to foresee danger, than fall headlong into it unawares. Without a sight of sin, the Saviour can never be sought or esteemed; and without being apprized of future wrath, sinners will never attempt to flee from it. Without the power of the Spirit, the most pointed external warnings will produce no happy effects. Much better endure sharp convictions for a short season here, than in hell without end. The keener the smart, and the sharper the suffering, there is the greater likelihood that application will be made to Christ.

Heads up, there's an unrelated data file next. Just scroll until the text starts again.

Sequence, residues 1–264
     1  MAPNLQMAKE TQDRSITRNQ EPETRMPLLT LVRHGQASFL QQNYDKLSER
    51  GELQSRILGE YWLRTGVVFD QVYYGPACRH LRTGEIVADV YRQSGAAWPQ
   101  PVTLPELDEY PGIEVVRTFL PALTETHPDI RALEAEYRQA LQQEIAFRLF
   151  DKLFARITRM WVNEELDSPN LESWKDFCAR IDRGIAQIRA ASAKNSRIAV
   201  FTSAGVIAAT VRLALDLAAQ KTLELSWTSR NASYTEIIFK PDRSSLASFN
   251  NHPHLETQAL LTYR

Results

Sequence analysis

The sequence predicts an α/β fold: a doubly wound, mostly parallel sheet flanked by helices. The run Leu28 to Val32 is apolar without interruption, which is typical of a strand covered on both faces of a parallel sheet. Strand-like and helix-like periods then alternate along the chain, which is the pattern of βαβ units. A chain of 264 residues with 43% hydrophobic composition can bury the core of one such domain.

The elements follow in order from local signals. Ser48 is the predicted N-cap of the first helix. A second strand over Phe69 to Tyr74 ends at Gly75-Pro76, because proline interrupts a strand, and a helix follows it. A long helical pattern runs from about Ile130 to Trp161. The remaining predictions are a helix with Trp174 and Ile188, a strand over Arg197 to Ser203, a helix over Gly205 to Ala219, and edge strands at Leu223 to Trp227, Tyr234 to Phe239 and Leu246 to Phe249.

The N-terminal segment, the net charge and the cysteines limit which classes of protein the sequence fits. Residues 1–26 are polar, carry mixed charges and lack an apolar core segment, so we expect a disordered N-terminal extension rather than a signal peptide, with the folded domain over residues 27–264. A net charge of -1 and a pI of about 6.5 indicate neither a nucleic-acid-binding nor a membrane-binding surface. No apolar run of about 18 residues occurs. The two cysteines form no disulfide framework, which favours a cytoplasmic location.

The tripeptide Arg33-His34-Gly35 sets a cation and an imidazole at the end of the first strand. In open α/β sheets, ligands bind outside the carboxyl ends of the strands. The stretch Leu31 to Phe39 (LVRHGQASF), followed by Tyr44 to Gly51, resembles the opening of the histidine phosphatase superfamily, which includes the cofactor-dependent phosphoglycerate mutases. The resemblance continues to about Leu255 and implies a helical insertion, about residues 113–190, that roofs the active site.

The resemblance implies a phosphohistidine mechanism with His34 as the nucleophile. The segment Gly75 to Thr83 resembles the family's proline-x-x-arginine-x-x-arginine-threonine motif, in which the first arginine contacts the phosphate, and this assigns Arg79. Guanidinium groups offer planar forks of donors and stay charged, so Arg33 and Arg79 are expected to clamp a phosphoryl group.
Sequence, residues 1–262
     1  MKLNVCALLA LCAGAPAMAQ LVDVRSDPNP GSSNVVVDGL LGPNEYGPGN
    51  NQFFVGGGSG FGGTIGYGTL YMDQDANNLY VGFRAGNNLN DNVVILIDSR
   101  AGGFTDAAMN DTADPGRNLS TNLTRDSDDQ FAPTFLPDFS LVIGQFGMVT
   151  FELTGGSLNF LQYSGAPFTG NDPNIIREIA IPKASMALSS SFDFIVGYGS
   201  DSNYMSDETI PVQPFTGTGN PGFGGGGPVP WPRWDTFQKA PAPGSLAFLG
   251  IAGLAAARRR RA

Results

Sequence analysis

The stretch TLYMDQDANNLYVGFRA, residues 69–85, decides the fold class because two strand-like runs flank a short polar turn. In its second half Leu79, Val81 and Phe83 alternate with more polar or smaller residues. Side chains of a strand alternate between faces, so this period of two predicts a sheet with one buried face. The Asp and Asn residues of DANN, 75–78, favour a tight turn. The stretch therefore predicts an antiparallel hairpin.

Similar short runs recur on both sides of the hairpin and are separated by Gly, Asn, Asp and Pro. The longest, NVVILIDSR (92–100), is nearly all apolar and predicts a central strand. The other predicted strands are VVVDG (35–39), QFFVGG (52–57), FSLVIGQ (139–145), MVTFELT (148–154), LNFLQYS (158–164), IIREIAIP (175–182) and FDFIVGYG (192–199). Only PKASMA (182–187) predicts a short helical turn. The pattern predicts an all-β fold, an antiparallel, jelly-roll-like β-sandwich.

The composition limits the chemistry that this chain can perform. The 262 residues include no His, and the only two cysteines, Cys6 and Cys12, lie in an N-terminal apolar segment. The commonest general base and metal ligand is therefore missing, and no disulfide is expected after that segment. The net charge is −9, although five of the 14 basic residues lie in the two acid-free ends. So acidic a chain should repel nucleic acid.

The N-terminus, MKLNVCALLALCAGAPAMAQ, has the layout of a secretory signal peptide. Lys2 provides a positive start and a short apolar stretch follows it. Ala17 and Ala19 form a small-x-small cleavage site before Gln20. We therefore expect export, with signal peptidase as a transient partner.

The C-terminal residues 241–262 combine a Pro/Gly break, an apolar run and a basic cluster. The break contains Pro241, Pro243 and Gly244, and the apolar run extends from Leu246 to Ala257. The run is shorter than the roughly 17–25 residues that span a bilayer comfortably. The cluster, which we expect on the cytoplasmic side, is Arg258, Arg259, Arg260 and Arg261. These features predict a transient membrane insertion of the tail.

3. That the Saviour is infinitely qualified for every part of the work of salvation. He can subdue the stoutest, and awaken the most careless. He can teach the most ignorant, and give eyes to the blind. He can empty the most self-sufficient, and fill the hungry with good things. He can bring the man most intoxicated with his own excellencies to his right senses; and exalt the poor sinner so abashed and dejected with his own unworthiness that he cannot so much as lift up his eyes to heaven. He can kill and make alive. He knows and improves the best season for every part of his work. He can make every situation in which the sinner may be, and every event which passes over him, conducive to his own glory and the salvation of the soul. When his own people wax fat and forget him, he hides his face and they are troubled. Should they vainly imagine that their mountain stands strong, he can soon make them weary. Near to halt, and sensible that their life lies in his favour, he can manifest forth his glory, see them again, and speak a word in season.